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Other voices: Build Nevada City’s future by saving its past

Forty years ago, a citizenry deeply concerned about the freeway’s destruction of integral parts of Nevada City as well as a boarded-up downtown business district, conceived of and established the Historical District Ordinance No. 368. It was probably the first such statute in the West. It outlined absolute standards for altering, surfacing and constructing structures within the city. It was not only a guide, but also a prohibition against removing pieces of the historic fabric of our city forever. A key provision is preserving Mother Lode architecture, which is defined as “the type of architecture generally used in the Mother Lode region in the State of California during the period from 1849 and 1900.”

I am one of the few people remaining who worked on that ordinance. I recall agonizing about appropriate materials and definitions of Gold Rush buildings. We worked to anticipate future problems: New construction, illuminated signs, street entrances from parking lots and building demolition. I also recall discussing that subjective decisions relative to preservation might perhaps be the most hazardous aspect of the ordinance. The City Council at the time of the ordinance’s adoption in 1968 consisted of Mayor John Rankin and council members Arch McPherson, Lon Cooper, Bob Paine and Joe Day. We were very fortunate to have Bill Wetherall’s able assistance as our city attorney.

Since the adoption and highly successful implementation of Ordinance No. 368, Nevada City has extended those protections to historic structures outside the Historical District.



Essentially, there are only two criteria for preserving a building: Is it a pre-World War II building, and can it be “reasonably repaired or restored”? Through rigid adherence to these principles, Nevada City is a shining example of a community that cares about preserving its character, integrity and Gold Rush heritage. I believe we are California’s best-preserved Gold Rush town.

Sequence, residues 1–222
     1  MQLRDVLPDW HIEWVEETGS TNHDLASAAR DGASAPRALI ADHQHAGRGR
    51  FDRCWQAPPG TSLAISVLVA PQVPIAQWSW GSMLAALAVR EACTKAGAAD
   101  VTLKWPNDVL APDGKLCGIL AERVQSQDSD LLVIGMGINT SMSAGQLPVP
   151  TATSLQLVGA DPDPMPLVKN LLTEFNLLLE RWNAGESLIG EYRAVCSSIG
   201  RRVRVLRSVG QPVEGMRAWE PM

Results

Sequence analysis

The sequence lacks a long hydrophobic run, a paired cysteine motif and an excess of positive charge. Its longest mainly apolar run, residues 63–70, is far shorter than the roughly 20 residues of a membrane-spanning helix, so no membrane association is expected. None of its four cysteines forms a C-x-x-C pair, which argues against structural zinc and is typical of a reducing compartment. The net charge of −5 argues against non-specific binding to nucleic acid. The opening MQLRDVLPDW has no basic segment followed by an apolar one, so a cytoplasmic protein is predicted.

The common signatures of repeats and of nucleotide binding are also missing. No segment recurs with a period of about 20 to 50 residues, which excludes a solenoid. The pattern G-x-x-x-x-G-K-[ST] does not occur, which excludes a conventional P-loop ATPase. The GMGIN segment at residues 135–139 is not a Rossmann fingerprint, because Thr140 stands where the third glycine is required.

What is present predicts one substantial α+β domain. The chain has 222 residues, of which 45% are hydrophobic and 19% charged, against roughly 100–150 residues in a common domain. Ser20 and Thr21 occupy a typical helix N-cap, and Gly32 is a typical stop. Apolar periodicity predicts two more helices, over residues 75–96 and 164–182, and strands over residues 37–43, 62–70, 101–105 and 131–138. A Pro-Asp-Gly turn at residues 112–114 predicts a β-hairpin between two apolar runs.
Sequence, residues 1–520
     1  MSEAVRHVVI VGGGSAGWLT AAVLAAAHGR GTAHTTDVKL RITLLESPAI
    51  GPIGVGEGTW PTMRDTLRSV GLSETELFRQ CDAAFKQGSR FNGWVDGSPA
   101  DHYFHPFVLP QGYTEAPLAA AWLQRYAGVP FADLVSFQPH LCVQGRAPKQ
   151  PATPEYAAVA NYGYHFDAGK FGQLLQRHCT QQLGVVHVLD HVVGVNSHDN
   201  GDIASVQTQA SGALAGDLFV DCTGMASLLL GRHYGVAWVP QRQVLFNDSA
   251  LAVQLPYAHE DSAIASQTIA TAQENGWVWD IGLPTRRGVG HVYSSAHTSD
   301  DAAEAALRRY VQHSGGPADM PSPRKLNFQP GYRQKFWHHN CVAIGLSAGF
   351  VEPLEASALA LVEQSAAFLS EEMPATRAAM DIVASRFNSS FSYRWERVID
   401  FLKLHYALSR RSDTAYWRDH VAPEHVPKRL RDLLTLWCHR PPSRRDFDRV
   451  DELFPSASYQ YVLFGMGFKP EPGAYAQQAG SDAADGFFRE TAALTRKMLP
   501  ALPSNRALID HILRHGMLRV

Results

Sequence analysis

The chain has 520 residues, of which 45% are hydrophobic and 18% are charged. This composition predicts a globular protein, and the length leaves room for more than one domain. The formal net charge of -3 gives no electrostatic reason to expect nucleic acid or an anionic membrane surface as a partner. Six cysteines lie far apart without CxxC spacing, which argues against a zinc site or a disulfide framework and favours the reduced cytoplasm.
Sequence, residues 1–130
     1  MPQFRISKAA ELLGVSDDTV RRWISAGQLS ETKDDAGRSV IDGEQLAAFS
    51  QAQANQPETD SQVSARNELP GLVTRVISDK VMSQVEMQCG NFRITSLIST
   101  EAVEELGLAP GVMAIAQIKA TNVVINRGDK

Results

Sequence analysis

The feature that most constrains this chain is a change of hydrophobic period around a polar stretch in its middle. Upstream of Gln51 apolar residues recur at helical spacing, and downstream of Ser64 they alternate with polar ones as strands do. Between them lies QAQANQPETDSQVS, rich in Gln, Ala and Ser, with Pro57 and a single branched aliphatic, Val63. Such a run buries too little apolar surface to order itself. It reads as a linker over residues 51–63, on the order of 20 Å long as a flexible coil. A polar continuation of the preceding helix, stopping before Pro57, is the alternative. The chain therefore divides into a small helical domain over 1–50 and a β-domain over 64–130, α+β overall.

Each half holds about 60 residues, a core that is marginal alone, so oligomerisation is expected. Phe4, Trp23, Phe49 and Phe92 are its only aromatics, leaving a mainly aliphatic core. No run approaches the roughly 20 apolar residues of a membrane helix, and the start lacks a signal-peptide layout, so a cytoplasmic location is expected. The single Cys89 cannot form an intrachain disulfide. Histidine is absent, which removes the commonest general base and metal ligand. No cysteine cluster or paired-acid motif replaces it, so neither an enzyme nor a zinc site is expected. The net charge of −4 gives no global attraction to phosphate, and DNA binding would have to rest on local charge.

Of the hundreds of Nevada City examples of restoration and preservation projects, allow me to cite a few buildings once in desperate condition. Their character as minor monuments and vibrant parts of the business community has been rescued by creative planning. Examples are the Spring Street Ice House (Foothill Theatre Company Office), Sacramento Street’s Celio Barn (Stray Cuts), 300 Commercial Street (The Country Rose Cafe), 425 Broad Street (My Favorite Things), The Old Brewery (Stone House Restaurant) and the Miners Foundry at 325 Spring Street, to name a very few. None of these projects would “have penciled out” very well and, for many, it would have been far more cost-effective to tear them down and start from scratch. However, they were executed in the spirit of preserving the whole, complete and entire fabric and essence of Nevada City.




I was overwhelmed with dismay when I discovered that a city planning commission had approved recent demolition of buildings that met and exceeded the criteria for historic preservation and restoration. These are probably the first instances ever when the ordinance has not been invoked for an old building’s protection.

Whether the apologies or reasons offered for these actions are problems such as much needed repairs, safety, insurance, the need for more parking or expense, they fall far outside of the protections that have worked so well for Nevada City over the past four decades. They also fly in the face of the hundreds of individuals and businesses who have honored these principles and invested millions of dollars to further enhance the character of our city.

I greatly appreciate our City Council’s recent discussion and efforts to refocus on the subject. I respectfully request and urge the council to continue to make it clear to all that the traditions and standards of many, many past City Councils and planning commissions be rigorously continued. This is what we have earned and what we deserve. To me, this is clearly what should be expected for and by our community as Nevada City moves “forward into the future by preserving its past.”

ooo

Charles Woods lives in Nevada City. He co-founded the American Victorian Museum and KVMR radio.


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